In one aspect of this invention, the system may be provided with test units to measure both the coagulation state (such as through the use of an aPTT test) and the prothrombin (PT) time. Such combinations are particularly useful when a patient is being transitioned from a heparin IV administration to Warfarin, during which time the aPTT measurements are affected by the presence of the Warfarin. Difficulty in titration of heparin is incurred at this time. By providing separate measurements of PT and aPTT, the system may correct for the presence of Warfarin and administer desirable amounts of heparin, and determine the optimum dose of Warfarin.

Figs. 11A and B show a top view and side view, respectively, of an alternative arrangement for a multiple test cartridge container. One or more chips 240 may be arranged in a stacked configuration. One chip 240 at a time is inserted into the test unit 242 on to the test stage 244. In this embodiment, the arm 246 moves the chip 240 into use position on the test unit 242 test stage 244. Once the test is completed, the arm 246 retracts, drawing the now used chip 240 from the test stage 244. In the preferred embodiment, the used chip 240 is disposed of into a receptacle 256 through gravity. In one embodiment, a key system provides locking engagement between the arm 246 and the chip 240. This permits withdrawal of the used chip 240 from the test stage 244. The arm 246 includes a key 248 at the terminal end of the arm 246. The key 248 serves to mate with the lock 250 to provide retraction force to the used chip 240. In the preferred embodiment, moveable latches 252 are adapted to mate with recesses 254 in the key 250. Preferably, the figures 252 flex, such as towards the center line of arm 246 to positively lock with the key 250. After the chip 240 has been used and removed from the test stage 244, the used chip 240 drops to receptacle 256 as the key 248 separates from the lock 250.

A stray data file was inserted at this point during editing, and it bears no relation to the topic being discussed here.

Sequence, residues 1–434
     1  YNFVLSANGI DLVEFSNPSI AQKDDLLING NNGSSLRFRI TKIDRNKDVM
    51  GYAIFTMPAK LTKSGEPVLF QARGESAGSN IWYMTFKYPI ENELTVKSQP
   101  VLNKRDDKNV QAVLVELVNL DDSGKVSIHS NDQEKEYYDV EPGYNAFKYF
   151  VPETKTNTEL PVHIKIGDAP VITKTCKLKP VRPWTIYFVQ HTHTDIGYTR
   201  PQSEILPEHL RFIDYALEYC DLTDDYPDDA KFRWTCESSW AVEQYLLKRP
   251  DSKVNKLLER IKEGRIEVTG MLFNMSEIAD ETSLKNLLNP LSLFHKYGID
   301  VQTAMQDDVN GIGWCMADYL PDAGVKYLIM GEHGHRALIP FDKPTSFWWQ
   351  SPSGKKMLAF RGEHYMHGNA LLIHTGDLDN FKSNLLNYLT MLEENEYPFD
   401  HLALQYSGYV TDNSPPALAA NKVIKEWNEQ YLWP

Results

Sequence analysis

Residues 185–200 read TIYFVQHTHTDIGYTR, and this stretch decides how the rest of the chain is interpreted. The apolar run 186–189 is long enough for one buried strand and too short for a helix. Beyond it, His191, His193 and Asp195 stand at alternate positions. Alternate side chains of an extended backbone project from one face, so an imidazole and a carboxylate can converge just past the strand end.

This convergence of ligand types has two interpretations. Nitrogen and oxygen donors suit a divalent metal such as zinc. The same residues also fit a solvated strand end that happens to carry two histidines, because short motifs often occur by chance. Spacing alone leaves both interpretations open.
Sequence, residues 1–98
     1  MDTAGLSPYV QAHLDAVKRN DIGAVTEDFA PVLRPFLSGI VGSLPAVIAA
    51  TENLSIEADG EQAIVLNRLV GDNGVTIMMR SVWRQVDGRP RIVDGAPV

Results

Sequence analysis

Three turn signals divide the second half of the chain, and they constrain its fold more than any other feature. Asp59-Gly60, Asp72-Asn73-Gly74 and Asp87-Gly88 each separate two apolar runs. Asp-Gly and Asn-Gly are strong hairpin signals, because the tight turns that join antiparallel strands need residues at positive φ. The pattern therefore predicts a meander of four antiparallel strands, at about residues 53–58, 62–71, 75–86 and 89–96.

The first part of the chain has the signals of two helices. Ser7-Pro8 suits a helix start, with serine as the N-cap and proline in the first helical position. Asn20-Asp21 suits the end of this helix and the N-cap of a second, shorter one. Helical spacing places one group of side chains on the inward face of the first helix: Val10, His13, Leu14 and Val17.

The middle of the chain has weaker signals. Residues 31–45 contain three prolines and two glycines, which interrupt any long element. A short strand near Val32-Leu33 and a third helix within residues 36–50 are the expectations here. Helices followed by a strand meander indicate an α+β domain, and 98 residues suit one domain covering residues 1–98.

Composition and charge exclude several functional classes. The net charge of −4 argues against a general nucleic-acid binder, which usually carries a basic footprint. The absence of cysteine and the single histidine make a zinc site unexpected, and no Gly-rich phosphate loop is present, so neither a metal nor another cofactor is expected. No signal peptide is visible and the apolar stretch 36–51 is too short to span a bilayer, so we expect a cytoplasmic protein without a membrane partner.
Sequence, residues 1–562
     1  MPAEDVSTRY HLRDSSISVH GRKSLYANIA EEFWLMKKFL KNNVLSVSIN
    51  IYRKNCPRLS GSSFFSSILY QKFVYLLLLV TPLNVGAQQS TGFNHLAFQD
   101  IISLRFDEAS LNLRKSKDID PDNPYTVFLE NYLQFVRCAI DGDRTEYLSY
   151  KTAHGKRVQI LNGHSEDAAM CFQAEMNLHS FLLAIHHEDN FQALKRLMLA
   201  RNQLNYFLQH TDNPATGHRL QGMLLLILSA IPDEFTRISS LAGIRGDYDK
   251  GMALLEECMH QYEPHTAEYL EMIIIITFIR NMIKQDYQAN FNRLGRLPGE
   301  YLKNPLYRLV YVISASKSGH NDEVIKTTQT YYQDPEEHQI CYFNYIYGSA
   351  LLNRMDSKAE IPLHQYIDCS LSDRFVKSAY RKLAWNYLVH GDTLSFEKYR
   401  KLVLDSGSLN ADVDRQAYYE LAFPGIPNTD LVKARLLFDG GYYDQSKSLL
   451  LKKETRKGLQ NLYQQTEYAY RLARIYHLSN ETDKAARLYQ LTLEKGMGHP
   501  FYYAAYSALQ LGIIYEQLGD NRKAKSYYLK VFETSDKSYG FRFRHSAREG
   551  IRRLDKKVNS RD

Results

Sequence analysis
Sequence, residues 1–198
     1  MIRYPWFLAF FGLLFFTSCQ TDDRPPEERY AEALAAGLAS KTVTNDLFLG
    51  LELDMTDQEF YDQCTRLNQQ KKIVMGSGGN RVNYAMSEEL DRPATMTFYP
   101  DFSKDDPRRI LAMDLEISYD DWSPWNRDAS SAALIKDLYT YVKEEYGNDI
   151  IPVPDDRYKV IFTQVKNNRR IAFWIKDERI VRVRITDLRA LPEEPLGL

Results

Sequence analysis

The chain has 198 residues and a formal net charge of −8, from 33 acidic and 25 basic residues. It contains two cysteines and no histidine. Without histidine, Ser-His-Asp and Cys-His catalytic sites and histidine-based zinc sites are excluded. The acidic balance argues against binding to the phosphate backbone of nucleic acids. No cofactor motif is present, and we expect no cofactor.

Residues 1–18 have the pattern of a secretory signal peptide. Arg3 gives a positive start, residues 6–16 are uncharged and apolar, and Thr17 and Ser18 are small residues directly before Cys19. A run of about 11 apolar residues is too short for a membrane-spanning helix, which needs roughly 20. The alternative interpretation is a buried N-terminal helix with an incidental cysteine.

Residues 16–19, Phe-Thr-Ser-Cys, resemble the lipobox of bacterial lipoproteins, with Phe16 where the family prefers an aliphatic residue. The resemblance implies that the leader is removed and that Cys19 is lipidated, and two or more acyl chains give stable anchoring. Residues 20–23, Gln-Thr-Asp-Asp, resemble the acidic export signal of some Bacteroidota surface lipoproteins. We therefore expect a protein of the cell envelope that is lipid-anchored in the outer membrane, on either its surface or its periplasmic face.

Optionally, a quality control or calibration chip 258 may be inserted into the test unit 242 for calibration or quality control purposes. In one embodiment, the chip 258 may be moved relative to the test unit 242 and then inserted into the test stage 216. Such action ensures the continued calibration or proper operation of the test unit 242.

Figs. 12A and 12B show top and detail views, respectively, of an integrated assembly for the receipt, sequential delivery of blood drops, and storage of waste material. In the preferred embodiment, the assembly 260 includes an outer housing 262 which includes an aperture 264 adapted to provide blood to an analysis unit (see, e.g., chip 240 in Fig. 11A) . The assembly 260 includes an inlet 266 for receipt of blood or other fluid, which is connected via an input tube 268 to a first input valve 270. A delivery tube 274 connects to a delivery unit 276 to be described in detail later. The delivery unit 276 is operatively connected to pump 278 such as by a pump input 280. The output of the pump 278 is connected by a pump output 282 to a receptacle 284 via an input 286. The connection from the pump output 282 is disposed in part below the input tube 268 and is obscured in Fig. 12A.

The delivery unit 276 is designed for the selective delivery of a measured amount of blood or other material. In the preferred embodiment, an actuator 290 is moved relative to the housing 262 to cause the sleeve 292 to move the pivot arm 294. The pivot point 296 bears upon the pivot arm 294, causing the arm 298 to move away from the delivery unit 276. Optionally, a spring 300 provides a restoring force to cause the arm 298 to seal with the delivery unit 276. The arm 298 terminates in a closure member 302 causing the delivery unit to seal.